Removing the Philadelphia Cultural Fund? Not A Great Idea

Removing the Philadelphia Cultural Fund? Not A Great Idea

Many organizations spread across different neighborhoods in Philadelphia have been beneficiaries of the $3 million Philadelphia Cultural Fund (PCF). From iconic institutions such as the Philadelphia Museum of Art to smaller groups that only serve small neighborhood audiences, the fund has been having an impact on communities around these institutions. However, the fund has been eliminated in the Mayor’s revised budget proposal for 2021.

The elimination is going to have a huge impact on the small organizations, as they relied on it. Although eliminating the fund would free up about $4 million for the Office of Arts, Culture and the Creative Economy, it would also shut funding for arts. According to Mayor Jim Kenny, only essential city services would be affordable in the budget. Hence, offices whose services are not essential would be eliminated from the budget.

For most organizations benefiting from the fund and neighborhood advocates, the best course of action would be to reinstate at least some of the funding in the budget before approval. They believe art is important especially during the current times of COVID and protests, as an outlet for people. Some of the recipient groups have decried the elimination, citing the impact it would have on them.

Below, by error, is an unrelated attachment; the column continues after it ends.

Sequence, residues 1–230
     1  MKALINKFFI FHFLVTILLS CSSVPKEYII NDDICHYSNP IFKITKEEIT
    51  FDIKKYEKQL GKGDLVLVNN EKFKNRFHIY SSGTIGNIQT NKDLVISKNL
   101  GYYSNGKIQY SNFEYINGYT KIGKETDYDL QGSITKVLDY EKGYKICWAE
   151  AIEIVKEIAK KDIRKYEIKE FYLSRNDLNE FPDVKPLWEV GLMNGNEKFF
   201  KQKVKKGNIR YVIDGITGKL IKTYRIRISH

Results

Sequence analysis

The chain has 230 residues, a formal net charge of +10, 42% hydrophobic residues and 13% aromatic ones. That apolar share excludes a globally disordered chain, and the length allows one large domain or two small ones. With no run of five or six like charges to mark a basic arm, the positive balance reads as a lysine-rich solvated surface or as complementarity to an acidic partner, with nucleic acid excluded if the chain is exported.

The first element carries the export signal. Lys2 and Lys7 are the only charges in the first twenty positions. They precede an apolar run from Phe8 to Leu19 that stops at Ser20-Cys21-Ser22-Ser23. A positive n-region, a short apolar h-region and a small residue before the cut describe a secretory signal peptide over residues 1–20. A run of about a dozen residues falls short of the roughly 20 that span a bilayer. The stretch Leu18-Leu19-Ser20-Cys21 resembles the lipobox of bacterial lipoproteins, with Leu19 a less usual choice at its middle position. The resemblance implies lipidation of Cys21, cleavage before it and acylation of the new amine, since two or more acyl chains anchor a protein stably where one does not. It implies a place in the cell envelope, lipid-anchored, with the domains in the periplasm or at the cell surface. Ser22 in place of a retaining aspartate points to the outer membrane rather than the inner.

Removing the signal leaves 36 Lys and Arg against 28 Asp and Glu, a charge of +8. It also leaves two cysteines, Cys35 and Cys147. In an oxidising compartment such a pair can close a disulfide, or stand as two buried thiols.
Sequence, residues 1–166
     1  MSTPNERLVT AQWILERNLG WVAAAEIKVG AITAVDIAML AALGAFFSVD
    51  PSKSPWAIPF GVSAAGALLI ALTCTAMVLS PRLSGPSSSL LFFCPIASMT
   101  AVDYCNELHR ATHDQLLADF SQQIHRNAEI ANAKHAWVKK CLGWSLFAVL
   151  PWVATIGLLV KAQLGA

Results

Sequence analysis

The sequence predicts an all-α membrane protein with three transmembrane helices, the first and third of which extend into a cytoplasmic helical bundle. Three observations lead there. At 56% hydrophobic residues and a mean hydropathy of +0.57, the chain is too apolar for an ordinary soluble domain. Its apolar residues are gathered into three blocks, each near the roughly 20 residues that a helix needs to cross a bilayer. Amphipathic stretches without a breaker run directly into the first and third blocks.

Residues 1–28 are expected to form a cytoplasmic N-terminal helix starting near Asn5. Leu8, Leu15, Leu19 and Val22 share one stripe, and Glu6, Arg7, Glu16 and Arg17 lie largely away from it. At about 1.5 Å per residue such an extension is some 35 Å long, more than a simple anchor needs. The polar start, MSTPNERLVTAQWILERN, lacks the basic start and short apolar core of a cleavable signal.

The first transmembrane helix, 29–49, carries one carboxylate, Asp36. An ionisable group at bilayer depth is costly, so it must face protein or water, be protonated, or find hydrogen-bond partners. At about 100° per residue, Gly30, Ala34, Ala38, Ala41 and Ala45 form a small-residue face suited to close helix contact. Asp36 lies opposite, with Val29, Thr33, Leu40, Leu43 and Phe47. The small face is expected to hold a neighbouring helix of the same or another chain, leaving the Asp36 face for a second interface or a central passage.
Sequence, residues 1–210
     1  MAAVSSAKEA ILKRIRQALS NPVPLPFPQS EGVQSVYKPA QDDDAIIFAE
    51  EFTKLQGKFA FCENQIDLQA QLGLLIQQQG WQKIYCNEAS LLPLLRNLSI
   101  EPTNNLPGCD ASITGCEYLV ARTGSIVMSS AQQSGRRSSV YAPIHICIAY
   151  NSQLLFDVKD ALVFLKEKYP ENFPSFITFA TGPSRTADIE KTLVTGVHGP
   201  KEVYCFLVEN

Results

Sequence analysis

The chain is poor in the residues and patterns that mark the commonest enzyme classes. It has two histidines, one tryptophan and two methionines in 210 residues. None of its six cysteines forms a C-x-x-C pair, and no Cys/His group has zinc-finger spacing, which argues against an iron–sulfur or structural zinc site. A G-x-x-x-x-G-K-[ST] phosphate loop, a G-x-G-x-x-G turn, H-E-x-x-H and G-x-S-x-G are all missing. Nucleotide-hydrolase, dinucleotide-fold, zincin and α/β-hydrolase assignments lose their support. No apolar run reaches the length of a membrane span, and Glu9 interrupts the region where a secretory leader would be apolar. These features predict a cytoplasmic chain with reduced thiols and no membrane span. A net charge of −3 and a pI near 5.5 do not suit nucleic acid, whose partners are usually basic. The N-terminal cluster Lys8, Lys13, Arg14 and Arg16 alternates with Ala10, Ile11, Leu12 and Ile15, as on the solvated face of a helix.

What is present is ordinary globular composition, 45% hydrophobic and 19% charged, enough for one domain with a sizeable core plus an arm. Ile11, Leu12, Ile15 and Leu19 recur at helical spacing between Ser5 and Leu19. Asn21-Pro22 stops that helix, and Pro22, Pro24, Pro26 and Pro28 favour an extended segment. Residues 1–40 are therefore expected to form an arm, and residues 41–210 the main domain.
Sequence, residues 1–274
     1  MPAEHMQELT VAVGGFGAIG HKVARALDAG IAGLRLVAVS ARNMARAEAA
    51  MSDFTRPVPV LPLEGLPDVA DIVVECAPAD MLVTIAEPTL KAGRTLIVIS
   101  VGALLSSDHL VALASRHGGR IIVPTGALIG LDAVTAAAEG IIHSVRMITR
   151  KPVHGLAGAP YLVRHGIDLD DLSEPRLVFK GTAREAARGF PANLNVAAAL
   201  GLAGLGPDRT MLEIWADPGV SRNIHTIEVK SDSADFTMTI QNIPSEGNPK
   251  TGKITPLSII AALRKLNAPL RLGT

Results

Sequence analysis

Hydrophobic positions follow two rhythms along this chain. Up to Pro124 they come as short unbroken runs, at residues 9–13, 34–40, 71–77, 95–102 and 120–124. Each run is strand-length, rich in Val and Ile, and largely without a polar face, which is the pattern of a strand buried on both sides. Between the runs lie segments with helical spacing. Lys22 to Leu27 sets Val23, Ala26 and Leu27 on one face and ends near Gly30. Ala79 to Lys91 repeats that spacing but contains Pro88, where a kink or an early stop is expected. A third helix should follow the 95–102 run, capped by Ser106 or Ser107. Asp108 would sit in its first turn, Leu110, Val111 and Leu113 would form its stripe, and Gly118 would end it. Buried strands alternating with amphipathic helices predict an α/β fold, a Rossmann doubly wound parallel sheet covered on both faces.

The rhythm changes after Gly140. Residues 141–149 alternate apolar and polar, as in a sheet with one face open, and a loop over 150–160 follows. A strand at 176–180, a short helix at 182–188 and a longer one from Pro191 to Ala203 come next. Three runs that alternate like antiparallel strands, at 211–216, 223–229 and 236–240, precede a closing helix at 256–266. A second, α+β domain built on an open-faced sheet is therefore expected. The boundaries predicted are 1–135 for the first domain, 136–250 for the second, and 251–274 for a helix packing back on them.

For the Theater of X, cutting off funding from the PCF means that it may not be able to meet some of its utility bills. Although it receives $2,468 from the fund against a budget of $80,000, money helps settle bills and consultation fees. It would thus have an impact on the community theater that organizes shows free for the neighborhood. The theater expected a larger grant from the PCF to fund a school theater program. However, with the elimination, that is unlikely to happen.

Power Street Theater has been receiving $4,228 from the PCF, which helped meet operating expenses. Before the budget elimination, the theater, which mainly serves a minority Hispanic audience, was planning its first ever children’s festival. However, the elimination and a further cancellation of support from another program means the theater is cash-tied and will not be able to carry out its intended programs. Although they wish to go ahead with the festival, they have to find other sources of funds, which will be a big challenge.

Another group that will be affected is Nashirah, the Jewish Chorale of greater Philadelphia. It has a budget of $25,000 and gets funds from ticket sales, membership fees and donations. The group was receiving $8,320 from PCF before the elimination. It had four concerts planned for the year. Under current circumstances, the shows are unlikely to happen.
Other groups and organizations likely to suffer from the elimination include Kun-Yang Lin, G-Town Radio, Wagner free Institute of Science, Cleaver Magazine, and the Colored Girls Museum. All these groups will have to stop some of their projects in order to survive. It would have a huge impact on art and the neighborhoods. It is therefore imperative that the fund be reinstated to the budget.